What is the difference between Natural and Cultured and or Freshwater Pearls ?
Well if you find yourself asking this identical question rest assured you are not alone. In fact this is still the number one question that nearly every pearl dealer around the world is asked day in day out.
First lets go over some of the common misconceptions and myths surrounding them shall we...
- Cultured pearls are imitation or fake pearls.
- Natural pearls are saltwater pearls.
- Freshwater and cultured pearls are the same thing therefore freshwater pearls are fake.
- Akoya, Tahitian and South Sea pearls are natural pearls, not cultured.
- Real pearl jewelry is made from natural pearls exclusively.
- Mikimoto only uses natural pearls for their jewelry collection.
Does any of this seem a little confusing and overwhelming for you ?
The sad fact is many dealers and merchants within the industry have such an unclear knowledge of the topic themselves they have left customers around the world scratching their heads in utter confusion.
The simple fact is when many dealers are faced with a direct question from a customer that they are unsure of the answer too they often belt out a bevy of information that is not only incorrect but incredibly confusing all in an effort to look more knowledgeable than they really are for the purpose of obtaining that ever elusive sale.
While we feel that practices such as this are completely unethical they do nothing but cause a wave of confusion for buyers everywhere. Wouldn't it be nice if you were simple told something like " I'm not entirely sure what the answer to that question is, but if you would be willing to wait for a minute I would be pleased to pull up some information that we could review together and come to a clear understanding".
Well hold on everyone, in the next 30 seconds you'll be well versed enough to answer with complete confidence at the next swanky cocktail party you attend...
To form a cultured pearl, human intervention is required to assist in starting the pearl producing process in the mollusk. A piece of mantle tissue or a round bead is inserted into the mollusk and then the process of depositing layers of nacre around the irritant just as a natural pearl begins.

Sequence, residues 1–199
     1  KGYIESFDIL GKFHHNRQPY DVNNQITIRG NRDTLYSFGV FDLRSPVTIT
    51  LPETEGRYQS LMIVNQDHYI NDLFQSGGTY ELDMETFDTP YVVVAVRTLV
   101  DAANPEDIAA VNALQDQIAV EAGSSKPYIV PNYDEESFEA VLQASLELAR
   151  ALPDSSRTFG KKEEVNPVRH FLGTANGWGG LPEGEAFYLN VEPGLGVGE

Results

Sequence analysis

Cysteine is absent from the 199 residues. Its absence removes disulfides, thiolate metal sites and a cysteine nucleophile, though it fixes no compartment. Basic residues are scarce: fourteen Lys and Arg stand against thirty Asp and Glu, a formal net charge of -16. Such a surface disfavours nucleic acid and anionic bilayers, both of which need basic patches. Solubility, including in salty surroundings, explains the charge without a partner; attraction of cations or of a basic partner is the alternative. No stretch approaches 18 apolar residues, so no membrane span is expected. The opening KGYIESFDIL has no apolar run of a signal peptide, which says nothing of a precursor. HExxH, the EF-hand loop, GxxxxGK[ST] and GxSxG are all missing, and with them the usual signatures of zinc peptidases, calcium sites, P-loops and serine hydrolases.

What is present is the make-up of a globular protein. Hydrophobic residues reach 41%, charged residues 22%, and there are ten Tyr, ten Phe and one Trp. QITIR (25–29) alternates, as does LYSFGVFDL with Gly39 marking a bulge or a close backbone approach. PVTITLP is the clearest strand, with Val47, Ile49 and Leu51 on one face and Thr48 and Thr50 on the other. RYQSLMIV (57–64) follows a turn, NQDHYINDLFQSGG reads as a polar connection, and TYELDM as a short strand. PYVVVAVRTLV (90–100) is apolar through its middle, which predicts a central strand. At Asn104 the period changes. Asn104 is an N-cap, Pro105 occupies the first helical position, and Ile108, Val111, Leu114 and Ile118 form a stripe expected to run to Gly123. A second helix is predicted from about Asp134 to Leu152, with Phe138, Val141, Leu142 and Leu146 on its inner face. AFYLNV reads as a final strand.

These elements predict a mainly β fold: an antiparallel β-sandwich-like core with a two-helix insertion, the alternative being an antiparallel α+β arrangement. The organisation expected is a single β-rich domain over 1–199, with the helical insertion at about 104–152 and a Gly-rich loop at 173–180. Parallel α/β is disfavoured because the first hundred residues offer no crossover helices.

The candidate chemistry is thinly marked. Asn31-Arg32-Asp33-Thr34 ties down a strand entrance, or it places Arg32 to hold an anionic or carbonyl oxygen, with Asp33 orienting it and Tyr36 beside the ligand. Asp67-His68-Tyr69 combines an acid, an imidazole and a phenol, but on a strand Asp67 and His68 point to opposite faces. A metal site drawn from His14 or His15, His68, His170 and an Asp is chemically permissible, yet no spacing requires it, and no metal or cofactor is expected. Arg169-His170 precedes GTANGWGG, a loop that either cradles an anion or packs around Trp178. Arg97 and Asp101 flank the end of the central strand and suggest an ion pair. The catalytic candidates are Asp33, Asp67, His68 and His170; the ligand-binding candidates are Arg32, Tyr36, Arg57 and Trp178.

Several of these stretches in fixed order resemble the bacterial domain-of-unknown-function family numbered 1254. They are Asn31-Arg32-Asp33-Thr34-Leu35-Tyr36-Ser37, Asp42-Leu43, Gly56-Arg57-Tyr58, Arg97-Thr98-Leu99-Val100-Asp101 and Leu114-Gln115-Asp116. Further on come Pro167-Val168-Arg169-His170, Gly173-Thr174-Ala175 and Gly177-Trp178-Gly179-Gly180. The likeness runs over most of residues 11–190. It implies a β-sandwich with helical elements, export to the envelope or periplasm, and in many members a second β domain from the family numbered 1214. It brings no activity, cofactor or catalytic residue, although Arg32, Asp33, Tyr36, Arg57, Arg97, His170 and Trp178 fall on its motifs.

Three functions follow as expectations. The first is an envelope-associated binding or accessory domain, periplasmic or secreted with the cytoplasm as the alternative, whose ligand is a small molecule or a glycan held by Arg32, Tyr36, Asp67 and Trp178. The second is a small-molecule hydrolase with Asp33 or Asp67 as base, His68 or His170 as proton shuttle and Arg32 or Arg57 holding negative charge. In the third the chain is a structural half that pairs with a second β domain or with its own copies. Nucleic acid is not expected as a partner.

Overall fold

A natural pearl is formed when a parasite or other foreign matter enters the body of the pearl producing mollusk. As a protective mechanism the mollusk deposits layers of nacre over the irritant. Over time the mollusk will continue to deposit layers of nacre and this is how the pearl is formed.
It is very difficult to tell the difference between a natural pearl and a cultured pearl.
It is quite common even for experts in the field to mistake the two. The only definitive way to tell the difference between a natural pearl and cultured pearl is to take an x-ray of the pearl, which allows experts to see beneath the surface of the pearl.
If one were to look at the exterior of the pearl, they may look identical, so an x-ray is necessary. There are two different kinds of pearls, freshwater and saltwater, whether a pearl is natural or cultured the origins are still the same for both.
Now lets put an end to some of the myths and misconceptions from above
Myth #1: Cultured pearls are imitation or fake pearls.
Truth: Absolutely not cultured pearls are very real as they are still created by the mollusks natural defense mechanism, the only difference is that humans introduced the irritant into the mollusk allowing the process required to create a pearl to begin.
Myth #2: Natural pearls are saltwater pearls.
Truth: Okay well this one is a slight bit more technical but not by much, the fact is saltwater pearls can be both natural and cultured pearls. The vast majority of saltwater pearls found in the world today are in fact cultured, the chance of actually finding a near perfect natural pearl is something like one in a million which is the reason why natural pearls command prices that are out of reach for nearly everyone on the planet.
Myth #3: Freshwater and cultured pearls are the same thing therefore freshwater pearls must be fake.
Truth: Not even close, unfortunately this kind of disinformation started being praised as the truth long ago. Back when many pearl dealers were so concerned with the mass market adoption and acceptance of the cultured and freshwater pearl that such false and misleading information was promoted in an effort to protect the massively inflated saltwater pearl market of the day. In many ways the confusion around the topic is the residual effect of that disinformation.
Myth #4: Akoya, Tahitian and South Sea Pearls are natural pearls not cultured.
Truth: There are two facts that all three of the above pearl types in Myth #4 share, they are all saltwater pearls and the vast majority and I mean 99.9% available today are all cultured. If you are able to find a natural pearls of the above types, you will most likely find them in an estate auction commanding very high prices upwards of six figures.
Myth #5: Real pearl jewelry is made from natural pearls.
Truth: I am somehow willing to bet all of you that have read the above information already know the answer to this but for everyone else I am sorry to burst your bubble but this myth is completely false. The fact is real pearl jewelry whether it be a necklace, bracelet or pair of earrings can be made from either cultured or natural pearls.
Myth #6: Mikimoto only uses natural pearls for their jewelry collection.
Truth: All of Mikimoto jewelry uses cultured Akoya saltwater pearls, it is actually sort of amazing to many of us within the industry that this one still lives on, the last time I checked Mikimoto had even updated their own website to promote the fact that they use cultured pearls solely.